It's been a rough few days for PBS. Viewers are noticing some of PBS's bias and they're not liking it. Last week the network's ombudsman had to explain actor Mike Farrell's cheap shot against Republican vice presidential candidate Sarah Palin during a PBS fundraising program.
At the same time, he defended a poll on NOW on PBS's home page. NewsBuster Jacob S. Lybbert noted the poll was comprised of a single question: "Do you think Sarah Palin is qualified to serve as Vice President of the United States?" Some viewers thought the question inherently unfair; after all, PBS never ran a poll asking if Barack Obama or Joe Biden are qualified for the positions they're seeking.
The ombudsman concluded the poll was fair. Part of his reasoning:
As for Obama, he announced his candidacy in February 2007, received more than 17 million votes during the primary campaign, won 18 states in those primaries and 13 others where there were caucuses, and has been in scores of candidate debates and press interviews. So a large number of people have already stated that they think he is qualified. . .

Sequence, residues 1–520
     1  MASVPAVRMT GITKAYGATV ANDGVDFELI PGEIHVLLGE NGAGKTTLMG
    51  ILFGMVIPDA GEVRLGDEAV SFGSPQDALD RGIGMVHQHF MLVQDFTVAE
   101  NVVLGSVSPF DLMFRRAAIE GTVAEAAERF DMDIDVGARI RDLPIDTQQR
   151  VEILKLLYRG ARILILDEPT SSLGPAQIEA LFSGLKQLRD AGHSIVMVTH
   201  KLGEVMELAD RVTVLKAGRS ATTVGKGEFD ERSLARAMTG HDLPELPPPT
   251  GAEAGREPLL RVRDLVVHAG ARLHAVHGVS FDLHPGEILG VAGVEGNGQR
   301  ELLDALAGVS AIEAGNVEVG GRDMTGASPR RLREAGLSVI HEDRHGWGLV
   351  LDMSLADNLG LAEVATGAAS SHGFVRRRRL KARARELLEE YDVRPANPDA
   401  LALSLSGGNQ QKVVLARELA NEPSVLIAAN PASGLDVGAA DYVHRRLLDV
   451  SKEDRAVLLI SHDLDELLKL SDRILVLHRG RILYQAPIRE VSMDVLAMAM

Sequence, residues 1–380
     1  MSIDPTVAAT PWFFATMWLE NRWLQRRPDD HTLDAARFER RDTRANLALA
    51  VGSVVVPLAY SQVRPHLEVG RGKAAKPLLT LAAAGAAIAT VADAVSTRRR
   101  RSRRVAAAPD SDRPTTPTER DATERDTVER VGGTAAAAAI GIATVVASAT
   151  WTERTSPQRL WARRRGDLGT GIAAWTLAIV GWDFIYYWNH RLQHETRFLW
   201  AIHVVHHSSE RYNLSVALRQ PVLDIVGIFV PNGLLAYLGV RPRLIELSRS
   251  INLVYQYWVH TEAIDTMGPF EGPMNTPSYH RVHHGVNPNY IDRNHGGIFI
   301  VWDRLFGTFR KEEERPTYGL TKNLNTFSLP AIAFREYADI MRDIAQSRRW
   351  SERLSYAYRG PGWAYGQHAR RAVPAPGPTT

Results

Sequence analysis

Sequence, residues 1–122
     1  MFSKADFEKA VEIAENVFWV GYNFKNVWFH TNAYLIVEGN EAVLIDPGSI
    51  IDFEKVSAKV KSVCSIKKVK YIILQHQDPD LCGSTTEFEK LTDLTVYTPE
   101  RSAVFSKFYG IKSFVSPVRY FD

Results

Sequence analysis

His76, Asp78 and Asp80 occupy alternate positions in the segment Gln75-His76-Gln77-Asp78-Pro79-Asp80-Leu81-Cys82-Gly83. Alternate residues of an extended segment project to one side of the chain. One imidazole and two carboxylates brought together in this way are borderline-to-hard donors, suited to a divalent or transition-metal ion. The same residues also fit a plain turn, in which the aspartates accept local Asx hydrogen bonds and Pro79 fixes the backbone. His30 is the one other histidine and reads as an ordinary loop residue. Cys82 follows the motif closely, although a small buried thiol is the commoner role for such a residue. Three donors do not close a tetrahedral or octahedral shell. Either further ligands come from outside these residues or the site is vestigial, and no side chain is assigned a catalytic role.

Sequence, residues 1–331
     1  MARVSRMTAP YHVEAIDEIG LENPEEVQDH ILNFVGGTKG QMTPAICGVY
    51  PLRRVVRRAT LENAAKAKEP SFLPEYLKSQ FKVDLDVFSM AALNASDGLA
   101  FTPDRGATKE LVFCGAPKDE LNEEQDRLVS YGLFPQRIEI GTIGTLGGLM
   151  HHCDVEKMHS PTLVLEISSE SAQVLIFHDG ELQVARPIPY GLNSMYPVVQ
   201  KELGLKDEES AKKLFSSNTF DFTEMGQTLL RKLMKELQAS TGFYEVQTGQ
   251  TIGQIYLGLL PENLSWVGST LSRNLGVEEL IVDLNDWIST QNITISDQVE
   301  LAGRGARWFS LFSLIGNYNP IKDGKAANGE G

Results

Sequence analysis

Actually, it was a large number of Democrats - not the public at large - who voted for Obama. Their support for him didn't necessarily mean they believe him to be qualified, only that they preferred him to the other names on the ballot.
The Palin poll, obviously, could not be limited to Republicans. As it turns out, that wasn't the only problem with it. John Siceloff, executive producer of NOW on PBS, has issued a statement. Titled "The Sarah Palin Poll: New and Improved - One User, One Vote," he notes that, as of September 23, a user can only vote once per computer. It wasn't originally arranged that way because "we at NOW had serious concerns about user privacy." Which means, naturally, that the poll is "absolutely not" scientific, a proviso that people learning of poll results may not be aware of.
PBS staffers apparently want to put the matter behind them:
The Palin poll is no longer in our home page rotation. We've moved on to other polls; each week you'll find one in the bottom right corner of our home page. The current poll asks, "Who do you trust more to fix the nation's economic mess—Barack Obama or John McCain?" It has already attracted a lot of interest.
As Election Day nears, Americans are increasingly sensitive to mainstream media bias. A network receiving tax dollars as well as viewer contributions should exercise caution. But, based on past performance, it probably won't. They'll just keep having to explain.